Next Article in Journal
Modeling Multiple-Core Updraft Plume Rise for an Aerial Ignition Prescribed Burn by Coupling Daysmoke with a Cellular Automata Fire Model
Previous Article in Journal
Assessment of the Weather Research and Forecasting/Chemistry Model to Simulate Ozone Concentrations in March 2008 over Coastal Areas of the Sea of Japan
Atmosphere 2012, 3(3), 320-351; doi:10.3390/atmos3030320
Article

The Spring-Time Boundary Layer in the Central Arctic Observed during PAMARCMiP 2009

1,†,* , 1
, 1
, 1
, 1
, 2
, 2
, 1
, 1
, 1
, 3
, 4
, 5
, 6
, 7
, 7
 and 8
1 Alfred Wegener Institute for Polar and Marine Research, Telegrafenberg A43, Potsdam 14473, Germany 2 Alfred Wegener Institute for Polar and Marine Research, Bremerhaven 27570, Germany 3 Earth System Research Laboratory, National Oceanic and Atmospheric Administration 325 Broadway, Boulder, CO 80305, USA 4 Jade Hochschule, Weserstr. 4, Elsfleth 26931, Germany 5 Fielax GmbH, Schleusenstr. 14, Bremerhaven 27568, Germany 6 Earth and Atmospheric Sciences and Geophysics, University of Alberta, Edmonton T6G 2E3, Canada 7 Arctic and Antarctic Research Institute, Bering Street 38, St. Petersburg 199397, Russia 8 Science and Technology Branch, Environment Canada, Downsview M3H 5T4, Canada Current address: Institute of Aerospace Systems, TU Braunschweig, Hermann-Blenk-Street 23, Braunschweig 38108, Germany.
* Author to whom correspondence should be addressed.
Received: 29 March 2012 / Revised: 2 May 2012 / Accepted: 18 June 2012 / Published: 16 July 2012
View Full-Text   |   Download PDF [9092 KB, uploaded 16 July 2012]   |   Browse Figures

Abstract

The Arctic atmospheric boundary layer (AABL) in the central Arctic was characterized by dropsonde, lidar, ice thickness and airborne in situ measurements during the international Polar Airborne Measurements and Arctic Regional Climate Model Simulation Project (PAMARCMiP) in April 2009. We discuss AABL observations in the lowermost 500 m above (A) open water, (B) sea ice with many open/refrozen leads (C) sea ice with few leads, and (D) closed sea ice with a front modifying the AABL. Above water, the AABL had near-neutral stratification and contained a high water vapor concentration. Above sea ice, a low AABL top, low near-surface temperatures, strong surface-based temperature inversions and an increase of moisture with altitude were observed. AABL properties and particle concentrations were modified by a frontal system, allowing vertical mixing with the free atmosphere. Above areas with many leads, the potential temperature decreased with height in the lowest 50 m and was nearly constant above, up to an altitude of 100–200 m, indicating vertical mixing. The increase of the backscatter coefficient towards the surface was high. Above sea ice with few refrozen leads, the stably stratified boundary layer extended up to 200–300 m altitude. It was characterized by low specific humidity and a smaller increase of the backscatter coefficient towards the surface.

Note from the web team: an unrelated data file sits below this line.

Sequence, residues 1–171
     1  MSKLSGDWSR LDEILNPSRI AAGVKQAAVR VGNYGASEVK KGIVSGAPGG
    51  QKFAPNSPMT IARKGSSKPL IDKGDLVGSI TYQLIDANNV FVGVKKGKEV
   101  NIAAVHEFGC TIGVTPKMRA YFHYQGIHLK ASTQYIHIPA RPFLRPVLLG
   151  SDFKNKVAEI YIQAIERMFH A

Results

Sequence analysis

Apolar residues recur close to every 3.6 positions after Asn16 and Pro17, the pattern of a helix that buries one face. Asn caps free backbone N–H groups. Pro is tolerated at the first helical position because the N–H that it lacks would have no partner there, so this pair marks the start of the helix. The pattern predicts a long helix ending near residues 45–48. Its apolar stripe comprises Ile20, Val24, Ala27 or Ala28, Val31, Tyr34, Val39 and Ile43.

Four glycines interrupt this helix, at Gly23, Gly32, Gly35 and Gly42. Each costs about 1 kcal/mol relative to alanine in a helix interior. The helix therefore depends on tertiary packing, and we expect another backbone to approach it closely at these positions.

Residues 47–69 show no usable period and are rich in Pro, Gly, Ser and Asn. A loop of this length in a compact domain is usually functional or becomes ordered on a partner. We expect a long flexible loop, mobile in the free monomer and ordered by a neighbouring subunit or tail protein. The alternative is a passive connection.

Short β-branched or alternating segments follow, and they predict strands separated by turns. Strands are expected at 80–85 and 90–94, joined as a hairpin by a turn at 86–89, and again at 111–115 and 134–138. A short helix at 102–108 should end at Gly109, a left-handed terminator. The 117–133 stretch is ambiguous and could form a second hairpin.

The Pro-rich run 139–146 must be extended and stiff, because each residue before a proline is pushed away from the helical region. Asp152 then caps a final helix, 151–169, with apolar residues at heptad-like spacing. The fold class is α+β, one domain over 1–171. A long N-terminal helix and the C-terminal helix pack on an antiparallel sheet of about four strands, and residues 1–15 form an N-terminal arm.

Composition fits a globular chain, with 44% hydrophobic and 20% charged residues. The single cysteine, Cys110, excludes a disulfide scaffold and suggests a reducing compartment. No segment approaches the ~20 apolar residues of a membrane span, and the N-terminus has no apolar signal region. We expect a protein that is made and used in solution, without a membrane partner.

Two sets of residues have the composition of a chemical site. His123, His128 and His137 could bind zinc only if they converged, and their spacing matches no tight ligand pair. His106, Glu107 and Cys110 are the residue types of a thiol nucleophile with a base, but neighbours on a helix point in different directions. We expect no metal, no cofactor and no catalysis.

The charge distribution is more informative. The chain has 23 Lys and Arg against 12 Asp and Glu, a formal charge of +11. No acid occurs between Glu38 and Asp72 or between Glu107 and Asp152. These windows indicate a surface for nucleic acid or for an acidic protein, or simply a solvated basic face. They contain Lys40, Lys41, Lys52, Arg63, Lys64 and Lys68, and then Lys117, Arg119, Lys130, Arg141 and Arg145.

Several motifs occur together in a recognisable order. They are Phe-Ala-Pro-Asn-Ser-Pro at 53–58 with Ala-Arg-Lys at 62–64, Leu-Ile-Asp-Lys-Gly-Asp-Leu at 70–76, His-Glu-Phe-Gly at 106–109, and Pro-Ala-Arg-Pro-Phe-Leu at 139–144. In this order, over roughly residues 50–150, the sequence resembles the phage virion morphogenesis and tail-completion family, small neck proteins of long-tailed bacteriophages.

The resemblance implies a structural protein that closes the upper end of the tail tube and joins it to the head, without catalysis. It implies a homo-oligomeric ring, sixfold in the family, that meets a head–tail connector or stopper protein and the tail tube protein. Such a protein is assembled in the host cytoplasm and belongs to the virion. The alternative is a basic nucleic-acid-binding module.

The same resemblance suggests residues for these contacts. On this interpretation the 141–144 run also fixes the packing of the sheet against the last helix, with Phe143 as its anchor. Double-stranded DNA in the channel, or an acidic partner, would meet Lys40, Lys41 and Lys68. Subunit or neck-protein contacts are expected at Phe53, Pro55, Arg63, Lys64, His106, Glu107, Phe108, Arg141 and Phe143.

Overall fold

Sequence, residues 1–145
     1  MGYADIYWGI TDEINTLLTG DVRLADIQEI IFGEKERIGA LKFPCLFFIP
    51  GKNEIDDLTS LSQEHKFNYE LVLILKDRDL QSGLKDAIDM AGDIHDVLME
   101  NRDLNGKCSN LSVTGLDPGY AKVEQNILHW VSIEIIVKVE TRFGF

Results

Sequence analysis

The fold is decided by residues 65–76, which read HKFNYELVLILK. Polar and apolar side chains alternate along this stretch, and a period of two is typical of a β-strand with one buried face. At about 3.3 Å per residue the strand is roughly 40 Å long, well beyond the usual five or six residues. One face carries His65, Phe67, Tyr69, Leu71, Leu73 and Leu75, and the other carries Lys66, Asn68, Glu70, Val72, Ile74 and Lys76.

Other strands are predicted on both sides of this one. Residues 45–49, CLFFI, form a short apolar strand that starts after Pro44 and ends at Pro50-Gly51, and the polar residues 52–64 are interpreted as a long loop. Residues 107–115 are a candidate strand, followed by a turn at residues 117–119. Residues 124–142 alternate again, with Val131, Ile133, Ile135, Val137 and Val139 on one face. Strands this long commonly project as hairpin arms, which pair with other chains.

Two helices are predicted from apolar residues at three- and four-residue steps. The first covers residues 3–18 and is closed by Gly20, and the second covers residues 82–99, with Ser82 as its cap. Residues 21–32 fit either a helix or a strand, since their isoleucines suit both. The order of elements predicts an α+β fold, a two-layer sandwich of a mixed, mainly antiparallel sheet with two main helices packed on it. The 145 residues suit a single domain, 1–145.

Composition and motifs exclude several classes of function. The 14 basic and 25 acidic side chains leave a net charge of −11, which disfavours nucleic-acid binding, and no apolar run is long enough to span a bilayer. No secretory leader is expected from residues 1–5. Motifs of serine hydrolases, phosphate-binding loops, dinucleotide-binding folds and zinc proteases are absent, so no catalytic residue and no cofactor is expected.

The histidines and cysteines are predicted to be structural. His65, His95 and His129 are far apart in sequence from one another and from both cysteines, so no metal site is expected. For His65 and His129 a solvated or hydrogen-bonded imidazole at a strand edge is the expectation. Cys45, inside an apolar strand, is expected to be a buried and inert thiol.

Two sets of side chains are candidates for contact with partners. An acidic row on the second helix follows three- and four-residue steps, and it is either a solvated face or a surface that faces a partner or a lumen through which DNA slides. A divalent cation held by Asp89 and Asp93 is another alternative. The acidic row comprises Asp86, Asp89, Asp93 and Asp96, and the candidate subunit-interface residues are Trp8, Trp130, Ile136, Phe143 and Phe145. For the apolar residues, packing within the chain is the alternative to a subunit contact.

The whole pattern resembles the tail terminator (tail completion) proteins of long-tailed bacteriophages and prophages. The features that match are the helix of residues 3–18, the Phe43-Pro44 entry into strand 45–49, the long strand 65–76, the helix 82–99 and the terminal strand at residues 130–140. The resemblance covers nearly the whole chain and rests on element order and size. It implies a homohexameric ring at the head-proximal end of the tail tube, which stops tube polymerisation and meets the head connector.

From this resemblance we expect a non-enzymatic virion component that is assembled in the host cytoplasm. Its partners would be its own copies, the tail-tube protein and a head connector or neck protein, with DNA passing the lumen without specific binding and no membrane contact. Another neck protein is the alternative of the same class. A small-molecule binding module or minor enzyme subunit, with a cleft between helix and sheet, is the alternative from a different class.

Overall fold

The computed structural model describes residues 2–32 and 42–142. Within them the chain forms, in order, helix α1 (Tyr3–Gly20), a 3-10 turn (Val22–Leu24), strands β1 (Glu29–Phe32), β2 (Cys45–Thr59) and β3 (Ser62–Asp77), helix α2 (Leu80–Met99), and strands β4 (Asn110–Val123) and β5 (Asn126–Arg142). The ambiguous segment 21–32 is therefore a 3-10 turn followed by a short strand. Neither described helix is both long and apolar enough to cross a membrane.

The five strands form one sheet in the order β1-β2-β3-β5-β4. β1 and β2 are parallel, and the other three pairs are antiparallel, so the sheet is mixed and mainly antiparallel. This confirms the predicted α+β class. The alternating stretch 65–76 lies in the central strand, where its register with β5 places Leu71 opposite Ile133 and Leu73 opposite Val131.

Keywords: Arctic boundary layer; dropsonde; airborne lidar; sea ice thickness Arctic boundary layer; dropsonde; airborne lidar; sea ice thickness
This is an open access article distributed under the Creative Commons Attribution License which permits unrestricted use, distribution, and reproduction in any medium, provided the original work is properly cited.

Share & Cite This Article

Export to BibTeX |
EndNote


MDPI and ACS Style

Lampert, A.; Maturilli, M.; Ritter, C.; Hoffmann, A.; Stock, M.; Herber, A.; Birnbaum, G.; Neuber, R.; Dethloff, K.; Orgis, T.; Stone, R.; Brauner, R.; Kässbohrer, J.; Haas, C.; Makshtas, A.; Sokolov, V.; Liu, P. The Spring-Time Boundary Layer in the Central Arctic Observed during PAMARCMiP 2009. Atmosphere 2012, 3, 320-351.

View more citation formats

Article Metrics

Comments

Citing Articles

[Return to top]
Atmosphere EISSN 2073-4433 Published by MDPI AG, Basel, Switzerland RSS E-Mail Table of Contents Alert